Apparently, these drivers usually manage to gouge the stupid foreigners.

When we got back to Doi Suthep, I told him I would give him 40 more baht to take me down to Chiang Mai (this is the amount I paid to get up the mountain, AND the amount they advertise, in writing, IN the songthaew, for the trip). He again tried to gouge me and I said “look, I KNOW how much this is supposed to cost, and it is in writing”. After that, he agreed. Sheesh.

Back at the university in Chiang Mai, I had to find another songthaew, which takes you anywhere in town for 20 baht. He tried to charge me 40. I said no. He said 30. I told him I KNOW it is only 20 baht for everyone. So he had to agree.

By the way, EVERY foreigner who got on after me had to pay either 30 or 40 baht.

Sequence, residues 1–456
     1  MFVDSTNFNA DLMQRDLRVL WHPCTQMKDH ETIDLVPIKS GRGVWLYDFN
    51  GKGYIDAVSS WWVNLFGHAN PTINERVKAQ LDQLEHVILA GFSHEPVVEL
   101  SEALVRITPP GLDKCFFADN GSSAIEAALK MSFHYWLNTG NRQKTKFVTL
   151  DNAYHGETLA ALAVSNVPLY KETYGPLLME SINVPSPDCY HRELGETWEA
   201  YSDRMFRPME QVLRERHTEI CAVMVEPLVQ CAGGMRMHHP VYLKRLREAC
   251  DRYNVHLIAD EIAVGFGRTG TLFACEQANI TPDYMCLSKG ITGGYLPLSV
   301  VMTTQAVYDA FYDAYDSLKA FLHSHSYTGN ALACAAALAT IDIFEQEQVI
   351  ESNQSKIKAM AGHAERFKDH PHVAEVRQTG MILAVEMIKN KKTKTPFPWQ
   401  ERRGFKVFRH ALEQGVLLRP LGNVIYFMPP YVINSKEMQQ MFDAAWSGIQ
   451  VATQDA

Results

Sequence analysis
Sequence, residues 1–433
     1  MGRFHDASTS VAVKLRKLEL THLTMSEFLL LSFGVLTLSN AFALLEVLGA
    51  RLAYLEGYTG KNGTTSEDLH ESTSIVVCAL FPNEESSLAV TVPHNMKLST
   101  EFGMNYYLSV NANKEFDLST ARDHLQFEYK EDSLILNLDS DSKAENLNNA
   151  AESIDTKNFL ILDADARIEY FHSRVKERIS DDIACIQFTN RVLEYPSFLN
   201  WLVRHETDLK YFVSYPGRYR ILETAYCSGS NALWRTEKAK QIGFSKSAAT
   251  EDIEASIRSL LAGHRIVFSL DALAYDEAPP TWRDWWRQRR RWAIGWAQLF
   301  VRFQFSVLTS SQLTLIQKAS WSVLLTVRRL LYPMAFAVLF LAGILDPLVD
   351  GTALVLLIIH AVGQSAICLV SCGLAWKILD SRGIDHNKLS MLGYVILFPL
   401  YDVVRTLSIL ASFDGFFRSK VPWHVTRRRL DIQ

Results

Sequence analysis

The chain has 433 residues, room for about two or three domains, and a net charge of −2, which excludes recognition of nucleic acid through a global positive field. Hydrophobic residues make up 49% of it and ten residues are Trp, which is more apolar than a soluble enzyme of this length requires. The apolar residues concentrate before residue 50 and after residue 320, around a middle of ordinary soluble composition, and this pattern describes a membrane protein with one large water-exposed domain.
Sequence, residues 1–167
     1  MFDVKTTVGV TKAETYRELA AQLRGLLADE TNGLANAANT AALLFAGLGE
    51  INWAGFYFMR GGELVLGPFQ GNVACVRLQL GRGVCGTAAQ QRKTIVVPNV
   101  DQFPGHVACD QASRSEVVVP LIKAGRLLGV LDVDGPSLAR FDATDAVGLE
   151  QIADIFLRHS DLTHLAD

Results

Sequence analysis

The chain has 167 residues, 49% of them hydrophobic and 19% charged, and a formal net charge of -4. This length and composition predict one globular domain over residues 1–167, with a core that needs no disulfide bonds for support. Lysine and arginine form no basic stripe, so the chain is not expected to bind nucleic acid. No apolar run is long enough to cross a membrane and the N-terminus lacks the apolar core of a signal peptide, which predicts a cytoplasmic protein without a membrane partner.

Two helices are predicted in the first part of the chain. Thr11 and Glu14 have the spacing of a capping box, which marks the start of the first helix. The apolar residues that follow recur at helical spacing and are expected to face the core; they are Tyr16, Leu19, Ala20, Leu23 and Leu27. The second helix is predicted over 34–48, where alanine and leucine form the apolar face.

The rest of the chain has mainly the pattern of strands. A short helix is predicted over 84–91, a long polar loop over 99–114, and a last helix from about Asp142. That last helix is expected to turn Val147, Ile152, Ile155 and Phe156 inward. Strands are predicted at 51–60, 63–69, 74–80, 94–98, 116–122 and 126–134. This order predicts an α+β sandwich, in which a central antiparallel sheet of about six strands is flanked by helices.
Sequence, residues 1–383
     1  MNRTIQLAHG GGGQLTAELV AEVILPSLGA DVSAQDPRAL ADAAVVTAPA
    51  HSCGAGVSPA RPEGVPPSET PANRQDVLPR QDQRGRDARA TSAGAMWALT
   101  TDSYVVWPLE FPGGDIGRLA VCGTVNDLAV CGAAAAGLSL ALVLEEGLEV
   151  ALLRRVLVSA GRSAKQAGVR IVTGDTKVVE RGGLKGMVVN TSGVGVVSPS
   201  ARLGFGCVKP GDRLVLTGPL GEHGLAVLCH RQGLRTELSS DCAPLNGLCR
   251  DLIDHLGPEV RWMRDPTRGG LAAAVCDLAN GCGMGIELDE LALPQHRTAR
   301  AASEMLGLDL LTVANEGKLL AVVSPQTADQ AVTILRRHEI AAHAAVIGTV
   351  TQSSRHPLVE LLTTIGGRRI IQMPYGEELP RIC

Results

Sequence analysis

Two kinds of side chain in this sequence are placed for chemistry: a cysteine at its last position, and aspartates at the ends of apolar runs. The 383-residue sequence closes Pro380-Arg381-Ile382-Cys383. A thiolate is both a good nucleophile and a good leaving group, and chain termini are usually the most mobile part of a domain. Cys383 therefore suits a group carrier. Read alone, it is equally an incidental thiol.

So I was back at my guest house for a couple of hours, then off to my spa treatment. Since I am here, I decided to “splurge” and get a three-hour package. This is something that would cost a number of hundreds of dollars in the U.S. Here, it was $60. I was picked up and brought to the spa, given tea, brought to a changing room with lockers, then to an herbal steam room. Then to a “floral bath jacuzzi”, which even had floating rose petals in it. My body scrub had a familiar smell to it, and when I took a shower to clean off the scrub stuff, I noticed that I was right – they used coffee grounds for my body scrub. Then was the aromatherapy oil massage, with hot herbal compresses, and finally the facial.

The only negative part is that I did not realize she would incorporate “Thai massage” elements into my treatments…not my favorite part. She seemed determined to work out the tightness in my neck and shoulders, even if it meant using her elbows (ouch). Overall, though, I recommend this beautiful teak house spa to anyone – as I said, this package would have cost SO much more in the U.S.